What happens when you inevitably gain that weight back (as 97% of all dieters do)? The silence is deafening, isn’t it? It produces shame without a single word being said – the shame is there because nothing is said. This often drives more restrictive dieting and body bashing. Keep this in mind before sharing your own comments about someone else’s weight loss.

So many of my clients, who had lived for comments about how thin they were (when they were in the thin phase of yo-yo dieting), are now triggered by those same positive comments! A comment about how “great” they look can feel quite triggering.

This is why I have my own policy that I never comment on someone’s body, even if they have lost weight. I know some are hoping for a comment, but I no longer see weight loss as an accomplishment. It’s damaging to the mind and body and there’s a 97% chance the weight will come back. I would rather irritate someone because I didn’t compliment their weight loss (which has happened) than trigger someone recovering from eating or body issues.

On the other side of this situation, if you have lost weight, do yourself a favor and do not expect or start “fishing” for comments. Confidence and self-respect come from inside. Build your own confidence and respect instead of looking outside of yourself for it. Allow others to comment on how kind you are, or how supportive, loving, caring, helpful, etc., rather than your physical characteristics.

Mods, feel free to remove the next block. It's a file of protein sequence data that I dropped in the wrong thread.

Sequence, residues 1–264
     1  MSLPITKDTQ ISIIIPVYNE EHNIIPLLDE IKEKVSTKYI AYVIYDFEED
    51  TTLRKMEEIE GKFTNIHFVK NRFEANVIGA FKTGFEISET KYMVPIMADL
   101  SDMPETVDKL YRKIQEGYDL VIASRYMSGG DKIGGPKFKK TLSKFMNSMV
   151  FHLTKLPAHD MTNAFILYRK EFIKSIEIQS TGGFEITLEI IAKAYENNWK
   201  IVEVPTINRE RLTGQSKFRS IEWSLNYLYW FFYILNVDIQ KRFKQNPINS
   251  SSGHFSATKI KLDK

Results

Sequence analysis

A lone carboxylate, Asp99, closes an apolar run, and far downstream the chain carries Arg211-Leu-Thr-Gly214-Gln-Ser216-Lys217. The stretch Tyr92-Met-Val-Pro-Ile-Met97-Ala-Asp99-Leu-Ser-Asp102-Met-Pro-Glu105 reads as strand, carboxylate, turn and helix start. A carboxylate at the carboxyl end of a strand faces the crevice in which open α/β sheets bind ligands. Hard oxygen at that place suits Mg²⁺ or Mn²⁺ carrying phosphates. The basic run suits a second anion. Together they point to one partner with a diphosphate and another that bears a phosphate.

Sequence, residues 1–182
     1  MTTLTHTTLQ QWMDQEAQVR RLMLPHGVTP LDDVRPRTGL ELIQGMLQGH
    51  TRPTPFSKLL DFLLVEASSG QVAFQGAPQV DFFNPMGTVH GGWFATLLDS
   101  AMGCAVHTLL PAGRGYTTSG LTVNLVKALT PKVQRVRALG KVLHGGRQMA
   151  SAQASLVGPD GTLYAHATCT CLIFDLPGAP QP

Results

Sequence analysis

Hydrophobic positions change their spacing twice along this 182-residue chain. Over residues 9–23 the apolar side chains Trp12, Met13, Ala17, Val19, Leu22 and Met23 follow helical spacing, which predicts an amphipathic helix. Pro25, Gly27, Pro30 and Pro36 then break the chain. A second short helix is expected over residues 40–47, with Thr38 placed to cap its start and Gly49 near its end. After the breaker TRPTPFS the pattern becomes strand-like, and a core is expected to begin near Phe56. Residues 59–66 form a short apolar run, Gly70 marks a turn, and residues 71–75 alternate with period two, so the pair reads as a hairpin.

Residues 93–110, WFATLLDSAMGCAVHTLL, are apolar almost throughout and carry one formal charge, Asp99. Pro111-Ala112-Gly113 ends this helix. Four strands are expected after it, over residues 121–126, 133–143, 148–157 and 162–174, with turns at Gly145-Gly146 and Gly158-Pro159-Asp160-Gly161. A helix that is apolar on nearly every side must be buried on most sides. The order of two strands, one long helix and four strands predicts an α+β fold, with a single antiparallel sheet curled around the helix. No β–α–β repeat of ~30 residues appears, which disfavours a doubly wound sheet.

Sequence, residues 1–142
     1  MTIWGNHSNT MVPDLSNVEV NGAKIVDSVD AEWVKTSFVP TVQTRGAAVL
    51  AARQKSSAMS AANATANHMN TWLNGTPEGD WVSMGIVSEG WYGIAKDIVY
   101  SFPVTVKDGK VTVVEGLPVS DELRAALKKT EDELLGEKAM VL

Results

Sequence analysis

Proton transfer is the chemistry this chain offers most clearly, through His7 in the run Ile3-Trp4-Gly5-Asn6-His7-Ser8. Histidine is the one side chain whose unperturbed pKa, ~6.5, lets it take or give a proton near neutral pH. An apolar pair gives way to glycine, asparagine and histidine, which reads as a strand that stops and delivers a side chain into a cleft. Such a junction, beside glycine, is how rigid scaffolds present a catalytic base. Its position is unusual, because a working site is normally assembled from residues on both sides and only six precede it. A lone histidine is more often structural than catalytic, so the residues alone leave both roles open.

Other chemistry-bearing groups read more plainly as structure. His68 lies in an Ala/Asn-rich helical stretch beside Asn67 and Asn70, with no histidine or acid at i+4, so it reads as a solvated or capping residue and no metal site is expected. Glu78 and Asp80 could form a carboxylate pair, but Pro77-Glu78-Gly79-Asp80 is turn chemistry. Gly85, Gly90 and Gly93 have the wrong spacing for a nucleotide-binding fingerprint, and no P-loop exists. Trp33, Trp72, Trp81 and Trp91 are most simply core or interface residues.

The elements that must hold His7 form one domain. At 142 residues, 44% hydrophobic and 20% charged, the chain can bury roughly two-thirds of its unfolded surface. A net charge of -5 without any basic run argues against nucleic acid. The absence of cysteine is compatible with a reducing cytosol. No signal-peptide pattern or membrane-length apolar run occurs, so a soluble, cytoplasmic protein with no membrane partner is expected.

6) Try Using Compassion

You know anyone making a comment about your body, your weight, your looks, etc., is demonstrating their own insecurities – it’s NOT about you. But sometimes knowing this isn’t enough to ease the pain. Here’s another approach – find a way to have compassion for this person.

How sad is it that this person needs to tear down someone else to feel better? Compassion removes the power this person and those comments have over you – they are meaningless and truly not about you.

Having compassion for someone doesn’t mean you need to express it. It’s similar to forgiveness – it’s about getting you out of pain, no one needs to know but you. This approach helps you understand it’s not about you and lessens the impact of someone else’s words – without you having to say anything.

7) Listen to What You Tell Yourself

Do you listen to what you say to yourself? Call it whatever you like, the “mean girl,” the voices, your inner critic — if you wouldn’t say it to someone else, why say it to yourself?

Think about a young child in your life. Now imagine saying something to her that you say to yourself. How would she feel? Does she deserve it?

Obviously she doesn’t deserve it. And because she’s young and impressionable, if she hears it enough, she’ll believe it. And this will affect her for years to come. Your brain is no different. Compassion and kindness will have similar positive outcomes for you as they would for anyone else.

If you can relate to any of the above situations, please know that none of it is your fault (even the last one – that is learned from dieting). We live in a diet culture, focused on appearance over what’s inside and perfection over happiness. This doesn’t mean you have to put up with it.

You get to choose – what you watch or listen to, who you hang out with, medical and other professionals you work with, and especially what’s going on in your own head.

Rude, mean or plain clueless people are out there, and they will continue to make comments. But we have the power to decide how to react, what we believe, and how we feel about ourselves. The more “in charge” you are, the more resilient you’ll become – inside and out.